But of the years between ages 17 and 22, the less said the better.  My mental illness came back in full force.  I became psychotic, chronically suicidal, and an active self-injurer.  I was practically disabled for those 5 years.  Again, all of this was totally separate from my being transgendered.  Because I could not imagine socially transitioning while I was in high school (partially because my area was pretty conservative and I could not predict how people would react, but also because I'd heard of almost no one at the time who made the transition that young), I planned to wait until after graduation.  But by then, I was so unable to function that I gave up on taking the hormones I'd fought so hard for.  I hoped I could just make the best of being male.  After 5 years, 8 hospitalizations, numerous medication changes, and 18 electroshock treatments, I improved enough that my life was finally in my own hands again (in a positive way).  But I'd been so sick that transitioning would have been the equivalent of asking someone with freshly broken legs to run a marathon.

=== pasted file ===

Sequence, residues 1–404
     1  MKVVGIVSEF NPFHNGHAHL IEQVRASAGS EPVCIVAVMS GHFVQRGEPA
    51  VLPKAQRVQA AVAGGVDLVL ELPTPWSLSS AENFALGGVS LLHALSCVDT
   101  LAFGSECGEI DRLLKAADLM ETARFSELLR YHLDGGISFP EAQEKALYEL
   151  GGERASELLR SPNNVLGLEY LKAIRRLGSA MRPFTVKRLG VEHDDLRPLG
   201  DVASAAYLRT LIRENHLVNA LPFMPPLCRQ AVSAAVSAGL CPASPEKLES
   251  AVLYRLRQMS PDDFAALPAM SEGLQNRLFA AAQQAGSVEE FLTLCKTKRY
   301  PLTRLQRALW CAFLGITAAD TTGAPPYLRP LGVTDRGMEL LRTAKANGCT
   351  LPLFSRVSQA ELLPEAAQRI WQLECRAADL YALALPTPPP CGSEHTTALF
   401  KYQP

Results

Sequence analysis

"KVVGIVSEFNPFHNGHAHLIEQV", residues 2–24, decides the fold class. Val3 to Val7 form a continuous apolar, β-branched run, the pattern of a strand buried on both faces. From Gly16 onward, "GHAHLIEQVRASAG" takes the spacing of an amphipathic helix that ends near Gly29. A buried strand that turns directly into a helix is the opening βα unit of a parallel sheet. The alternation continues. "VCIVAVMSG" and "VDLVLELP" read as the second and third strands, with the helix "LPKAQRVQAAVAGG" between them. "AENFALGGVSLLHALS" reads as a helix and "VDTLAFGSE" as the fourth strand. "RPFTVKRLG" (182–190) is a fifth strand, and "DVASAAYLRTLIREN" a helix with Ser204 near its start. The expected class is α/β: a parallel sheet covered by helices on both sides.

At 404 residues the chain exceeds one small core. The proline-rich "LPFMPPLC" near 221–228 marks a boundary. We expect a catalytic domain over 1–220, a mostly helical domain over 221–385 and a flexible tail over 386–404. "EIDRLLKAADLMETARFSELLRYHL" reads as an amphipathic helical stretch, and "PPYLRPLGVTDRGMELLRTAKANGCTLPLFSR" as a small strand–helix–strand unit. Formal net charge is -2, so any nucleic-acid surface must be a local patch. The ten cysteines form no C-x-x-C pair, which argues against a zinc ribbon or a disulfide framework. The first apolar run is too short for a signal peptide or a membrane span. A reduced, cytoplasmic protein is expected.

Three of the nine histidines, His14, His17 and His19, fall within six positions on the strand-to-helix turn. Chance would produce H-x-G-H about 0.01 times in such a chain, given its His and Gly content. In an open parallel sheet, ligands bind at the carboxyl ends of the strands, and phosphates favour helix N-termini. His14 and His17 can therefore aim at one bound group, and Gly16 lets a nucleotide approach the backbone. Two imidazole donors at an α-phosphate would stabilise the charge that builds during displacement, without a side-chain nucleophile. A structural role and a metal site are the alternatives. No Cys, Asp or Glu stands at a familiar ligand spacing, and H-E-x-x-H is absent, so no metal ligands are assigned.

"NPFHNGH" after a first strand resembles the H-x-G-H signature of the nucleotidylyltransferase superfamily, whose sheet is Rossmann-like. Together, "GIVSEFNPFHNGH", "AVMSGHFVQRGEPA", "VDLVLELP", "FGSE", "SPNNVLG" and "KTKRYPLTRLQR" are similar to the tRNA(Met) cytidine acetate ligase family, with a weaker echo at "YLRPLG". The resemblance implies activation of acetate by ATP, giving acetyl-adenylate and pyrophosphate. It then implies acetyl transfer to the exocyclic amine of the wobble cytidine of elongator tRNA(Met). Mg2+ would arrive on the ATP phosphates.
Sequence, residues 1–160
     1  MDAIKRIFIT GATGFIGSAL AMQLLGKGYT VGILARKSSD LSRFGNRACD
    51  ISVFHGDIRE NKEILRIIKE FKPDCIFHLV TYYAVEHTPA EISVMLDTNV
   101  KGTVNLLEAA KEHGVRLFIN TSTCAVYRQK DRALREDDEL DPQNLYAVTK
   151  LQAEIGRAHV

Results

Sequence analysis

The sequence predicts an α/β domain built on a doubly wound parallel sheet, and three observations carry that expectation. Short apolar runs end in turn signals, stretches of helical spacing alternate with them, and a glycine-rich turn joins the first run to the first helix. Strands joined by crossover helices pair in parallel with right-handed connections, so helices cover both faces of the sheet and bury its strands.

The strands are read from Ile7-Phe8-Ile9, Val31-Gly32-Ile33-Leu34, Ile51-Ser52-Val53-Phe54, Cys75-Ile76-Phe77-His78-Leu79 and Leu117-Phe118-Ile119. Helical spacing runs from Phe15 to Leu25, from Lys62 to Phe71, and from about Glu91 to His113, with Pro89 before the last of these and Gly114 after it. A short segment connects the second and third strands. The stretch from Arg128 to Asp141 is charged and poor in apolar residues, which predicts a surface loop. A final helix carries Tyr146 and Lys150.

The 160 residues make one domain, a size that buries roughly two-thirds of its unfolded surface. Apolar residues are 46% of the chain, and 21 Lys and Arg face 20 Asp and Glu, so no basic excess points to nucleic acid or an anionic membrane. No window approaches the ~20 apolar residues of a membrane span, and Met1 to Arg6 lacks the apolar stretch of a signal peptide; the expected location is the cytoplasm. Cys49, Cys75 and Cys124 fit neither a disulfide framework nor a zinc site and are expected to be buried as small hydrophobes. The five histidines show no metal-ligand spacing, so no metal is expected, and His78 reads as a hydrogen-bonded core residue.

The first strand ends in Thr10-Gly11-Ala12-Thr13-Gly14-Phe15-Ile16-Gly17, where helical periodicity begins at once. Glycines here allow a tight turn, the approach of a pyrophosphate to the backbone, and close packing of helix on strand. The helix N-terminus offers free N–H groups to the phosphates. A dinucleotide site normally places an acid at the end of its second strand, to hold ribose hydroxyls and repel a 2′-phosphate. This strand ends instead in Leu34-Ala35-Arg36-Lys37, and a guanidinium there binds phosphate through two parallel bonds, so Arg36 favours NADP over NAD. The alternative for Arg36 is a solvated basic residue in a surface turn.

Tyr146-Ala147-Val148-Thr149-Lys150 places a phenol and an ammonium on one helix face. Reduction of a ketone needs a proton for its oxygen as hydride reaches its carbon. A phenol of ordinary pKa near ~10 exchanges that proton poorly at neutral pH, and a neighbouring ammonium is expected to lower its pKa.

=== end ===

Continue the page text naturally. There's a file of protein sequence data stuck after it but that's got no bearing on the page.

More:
After my last shock treatment, I knew I had control of my life again.  But I also knew that I didn't stand a chance of being alive unless I went through with the transition.  So I went to a new doctor, and he prescribed premarin for me again, this time in reasonable doses.  But I'd gained almost 100 pounds during the period when I was sick, and thus my body was less feminine than ever, even with the hormones.  I resolved that I was going to change the way I lived, and I started walking, then jogging, everyday, never letting up.  Something inside me wouldn't let me stop, because I knew what this was for.  This was the only way I could make it so that I could transition, and transition was the only way I could live.  I gave up my habit of eating at McDonald's everyday.
I also found an electrologist, as the two years without hormones had caused me to finally grow facial hair.  I found him on my own, after looking up every name in the phone book.  He was the last one on the list, and the only one who would have worked for me.  Through him, I also found a doctor who specialized in trans patients, and through him a therapist, and even a support group, where I met the first other trans people I'd ever met in person.  All of this was significant not only because of the results, but because I'd found them on my own, and I tasted achievement and responsibility for the first time.